THE PADRE AND THE PORT RUNNING LIGHT
The CGC BALSAM stationed at the U. S. Naval Station at Adak, Alaska in the late ‘60’s was called upon by the Navy from time to time to perform chores for which she was particularly suited. The Navy’s power plant needed seals and gasket material. There was a wreck of a Greek Liberty ship on the rocks at nearby Great Sitkin Island aboard which the Navy assumed could be found what they needed. The BALSAM was requested to take a party to the wreck. When we arrived at the wreck, I gathered all the people who were to board her and explained that nothing aboard the wreck was to be taken except what the Navy felt was vitally needed for their power plant. The wreck essentially belonged to the insurers.
The boat shoved off with a group of people clad in wet suits among which included the Chaplain of the Naval Station, a scuba diver, who had gone along to help. After a few anxious hours they finally returned bearing the materials they wanted, plus a few extras. The Chaplain presented me with the port running light of the “Ekaterini G” .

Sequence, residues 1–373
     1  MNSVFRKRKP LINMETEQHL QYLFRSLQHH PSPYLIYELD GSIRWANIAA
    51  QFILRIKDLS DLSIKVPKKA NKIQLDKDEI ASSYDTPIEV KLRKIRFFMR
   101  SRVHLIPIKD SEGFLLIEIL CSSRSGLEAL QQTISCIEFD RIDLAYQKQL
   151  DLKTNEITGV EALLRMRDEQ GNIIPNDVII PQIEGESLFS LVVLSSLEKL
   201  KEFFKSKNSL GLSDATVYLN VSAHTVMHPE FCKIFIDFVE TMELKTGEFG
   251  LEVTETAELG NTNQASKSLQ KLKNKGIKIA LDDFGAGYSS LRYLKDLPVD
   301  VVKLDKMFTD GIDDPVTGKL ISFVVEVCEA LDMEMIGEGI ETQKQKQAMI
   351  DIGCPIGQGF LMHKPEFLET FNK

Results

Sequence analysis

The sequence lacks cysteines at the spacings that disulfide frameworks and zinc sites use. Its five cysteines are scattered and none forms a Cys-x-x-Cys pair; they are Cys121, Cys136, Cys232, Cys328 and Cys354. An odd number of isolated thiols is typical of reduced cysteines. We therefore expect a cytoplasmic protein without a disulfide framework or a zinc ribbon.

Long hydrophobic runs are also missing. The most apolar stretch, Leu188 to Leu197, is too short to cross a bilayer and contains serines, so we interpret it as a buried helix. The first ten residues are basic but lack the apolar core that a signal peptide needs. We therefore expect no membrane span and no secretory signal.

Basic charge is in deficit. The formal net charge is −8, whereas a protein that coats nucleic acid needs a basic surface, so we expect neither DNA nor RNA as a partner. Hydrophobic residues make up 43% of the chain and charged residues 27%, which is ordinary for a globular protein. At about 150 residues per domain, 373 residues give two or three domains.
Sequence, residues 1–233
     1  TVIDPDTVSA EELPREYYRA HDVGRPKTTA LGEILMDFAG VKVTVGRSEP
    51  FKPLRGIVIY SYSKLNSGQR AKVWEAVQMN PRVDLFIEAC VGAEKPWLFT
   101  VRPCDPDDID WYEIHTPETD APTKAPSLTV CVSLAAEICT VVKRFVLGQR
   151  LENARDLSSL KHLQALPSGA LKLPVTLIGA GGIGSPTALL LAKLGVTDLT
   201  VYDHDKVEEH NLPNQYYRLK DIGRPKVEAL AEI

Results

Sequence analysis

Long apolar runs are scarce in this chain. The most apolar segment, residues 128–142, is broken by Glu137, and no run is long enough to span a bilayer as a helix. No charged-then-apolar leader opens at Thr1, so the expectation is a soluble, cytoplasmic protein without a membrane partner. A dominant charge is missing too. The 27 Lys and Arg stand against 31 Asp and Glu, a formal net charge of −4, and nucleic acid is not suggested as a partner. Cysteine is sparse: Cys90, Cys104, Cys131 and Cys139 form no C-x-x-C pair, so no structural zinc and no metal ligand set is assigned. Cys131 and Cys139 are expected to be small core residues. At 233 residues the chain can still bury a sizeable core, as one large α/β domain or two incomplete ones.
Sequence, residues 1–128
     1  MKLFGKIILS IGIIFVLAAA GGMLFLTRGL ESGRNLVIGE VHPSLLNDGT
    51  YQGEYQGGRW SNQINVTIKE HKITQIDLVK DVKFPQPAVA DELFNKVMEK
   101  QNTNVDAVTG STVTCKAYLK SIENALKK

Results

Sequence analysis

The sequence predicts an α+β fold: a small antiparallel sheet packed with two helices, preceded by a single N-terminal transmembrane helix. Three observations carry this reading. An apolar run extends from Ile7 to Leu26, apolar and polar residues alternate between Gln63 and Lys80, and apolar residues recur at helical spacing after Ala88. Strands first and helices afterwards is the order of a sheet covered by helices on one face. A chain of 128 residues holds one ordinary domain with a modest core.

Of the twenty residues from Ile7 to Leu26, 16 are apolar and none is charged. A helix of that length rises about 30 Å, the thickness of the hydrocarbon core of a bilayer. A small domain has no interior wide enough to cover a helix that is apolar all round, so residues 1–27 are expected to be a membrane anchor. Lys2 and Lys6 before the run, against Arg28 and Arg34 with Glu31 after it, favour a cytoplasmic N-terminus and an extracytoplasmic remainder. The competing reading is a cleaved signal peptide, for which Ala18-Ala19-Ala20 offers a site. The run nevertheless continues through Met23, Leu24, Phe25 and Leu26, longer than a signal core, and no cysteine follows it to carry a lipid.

I protested that I could not accept it because it wasn’t his to give. I got busy with other things and took the ship back to Adak. A few days later the ship departed on a two week Aids to Navigation cruise into the Arctic. I had forgotten the incident until I got home and looked in the garage. There was the port running light! My wife, when confronted, explained that the Chaplain sold it to her for a dollar. Oh well! I still have the running light. It hangs in a tree in my back yard, rusting away.
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Commander Doan tells me the Adak Naval Station is for sale. I wouldn't bid a wrinkled, worn out, dollar bill for it. - Jack